Monday 23 November 2009

Folly is the cloak of knavery.

The healer of our static group in World of Warcraft was otherwise detained last week and so I took up the healing mantle for the evening, a garment that I am very comfortable wearing, although I was given again to muse upon its curious properties.

The healing mantle, for those who are unaware, is an impressive item of clothing which provides an aura of invisibility to the wearer rendering them utterly anonymous to everyone else in a pick-up group. It is well known that tanks are indestructible self-healing marvels, and that DPS can sustain continuous damage, be it from AoE or by standing in pools of molten rock, without so much as putting a hair of their perfectly sculpted bouffant out of place. Everyone in your average pick-up group is a marvel of robust and rugged constitution. All four of them.

Until one of them inevitably dies.

It is at this point that the healing mantle activates its primary systems and transforms. First it disables invisibility and instead turns itself a really offensive shade of fluorescent yellow. Secondly an underpowered motor jerkily raises an electric sign on a metal pole from just behind the healer’s shoulders; coming to rest several feet above the healer’s head, the sign consists of an arrow pointing down at said head and the words “THEIR FAULT” all in buzzing flickering neon. Finally a pair of integrated loudspeakers rotate from their resting place, lock into position on the healer’s shoulders, and repeatedly squawk a distortingly loud siren alerting all the other players to the healer’s presence. All attention is generally focussed on the healer at this point and bent on determining exactly what they were doing skulking away at the back of the dungeon while these other four were valiantly fighting the good fight with nothing to keep their health bars topped-up but the aura of sheer magnificence that they project; sadly they weren’t magnificent enough to facebutt their way through the two groups of extra adds that they pulled, but that’s not the point. Thank goodness, though, that the healing mantle was there to alert them all to the traitor in their midst!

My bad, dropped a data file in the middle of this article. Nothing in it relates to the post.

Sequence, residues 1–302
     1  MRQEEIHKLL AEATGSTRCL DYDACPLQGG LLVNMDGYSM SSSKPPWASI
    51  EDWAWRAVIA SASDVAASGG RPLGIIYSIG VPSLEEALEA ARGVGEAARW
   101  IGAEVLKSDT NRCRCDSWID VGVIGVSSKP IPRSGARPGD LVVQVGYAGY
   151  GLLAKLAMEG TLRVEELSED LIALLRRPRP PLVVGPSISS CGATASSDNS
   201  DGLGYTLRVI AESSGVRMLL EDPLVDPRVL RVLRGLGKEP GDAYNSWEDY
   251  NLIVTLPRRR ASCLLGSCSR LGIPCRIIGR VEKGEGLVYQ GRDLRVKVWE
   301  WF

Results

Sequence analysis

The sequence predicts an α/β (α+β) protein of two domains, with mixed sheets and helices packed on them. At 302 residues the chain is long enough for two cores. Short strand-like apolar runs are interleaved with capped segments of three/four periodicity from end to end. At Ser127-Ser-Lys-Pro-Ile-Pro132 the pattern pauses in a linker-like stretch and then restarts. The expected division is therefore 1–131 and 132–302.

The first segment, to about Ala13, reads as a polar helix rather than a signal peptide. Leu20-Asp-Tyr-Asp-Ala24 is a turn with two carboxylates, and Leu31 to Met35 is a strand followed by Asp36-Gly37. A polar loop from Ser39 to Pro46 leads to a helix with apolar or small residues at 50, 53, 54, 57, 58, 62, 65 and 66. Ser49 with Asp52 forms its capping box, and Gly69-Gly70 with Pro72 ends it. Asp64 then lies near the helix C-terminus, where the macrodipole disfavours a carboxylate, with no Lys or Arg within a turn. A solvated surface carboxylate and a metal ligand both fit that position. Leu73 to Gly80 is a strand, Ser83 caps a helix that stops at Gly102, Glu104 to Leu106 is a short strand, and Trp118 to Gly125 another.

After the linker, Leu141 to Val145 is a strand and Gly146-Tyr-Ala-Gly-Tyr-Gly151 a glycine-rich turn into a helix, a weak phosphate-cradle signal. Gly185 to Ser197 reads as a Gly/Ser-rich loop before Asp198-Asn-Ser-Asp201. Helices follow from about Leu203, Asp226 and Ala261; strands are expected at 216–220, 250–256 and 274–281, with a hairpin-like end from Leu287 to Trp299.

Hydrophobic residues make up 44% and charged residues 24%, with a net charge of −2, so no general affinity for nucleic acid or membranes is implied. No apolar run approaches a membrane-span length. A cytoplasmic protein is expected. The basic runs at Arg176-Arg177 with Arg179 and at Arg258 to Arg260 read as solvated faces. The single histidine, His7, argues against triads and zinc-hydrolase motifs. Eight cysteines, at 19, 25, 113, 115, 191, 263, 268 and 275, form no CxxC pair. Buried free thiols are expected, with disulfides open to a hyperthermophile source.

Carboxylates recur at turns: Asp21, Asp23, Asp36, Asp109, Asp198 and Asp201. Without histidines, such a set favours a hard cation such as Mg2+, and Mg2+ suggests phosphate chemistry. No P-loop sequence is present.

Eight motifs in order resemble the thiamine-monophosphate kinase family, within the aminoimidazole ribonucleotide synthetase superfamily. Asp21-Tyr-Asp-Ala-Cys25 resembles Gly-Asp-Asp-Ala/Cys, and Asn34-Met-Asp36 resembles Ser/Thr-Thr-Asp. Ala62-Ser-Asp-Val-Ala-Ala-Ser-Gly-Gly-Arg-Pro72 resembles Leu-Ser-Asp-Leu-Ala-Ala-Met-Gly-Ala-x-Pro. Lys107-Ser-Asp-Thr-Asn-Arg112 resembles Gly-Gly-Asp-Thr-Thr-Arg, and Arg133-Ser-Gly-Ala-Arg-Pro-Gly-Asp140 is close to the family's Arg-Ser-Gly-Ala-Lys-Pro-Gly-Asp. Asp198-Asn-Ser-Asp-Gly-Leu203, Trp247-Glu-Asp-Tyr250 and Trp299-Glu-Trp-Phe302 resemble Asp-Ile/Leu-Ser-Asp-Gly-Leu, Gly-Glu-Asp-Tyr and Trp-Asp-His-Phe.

Thankfully the healing mantle is deactivated when playing with friends or other competent people – these folk seem to project a damping field which prevents the mantle from obscuring the efforts of the designated healer – so I’m happy to report that my turn as healer the other night was a suitably happy and stress-free experience.

Being fifteen levels or so above the dungeon content probably didn’t hurt either.

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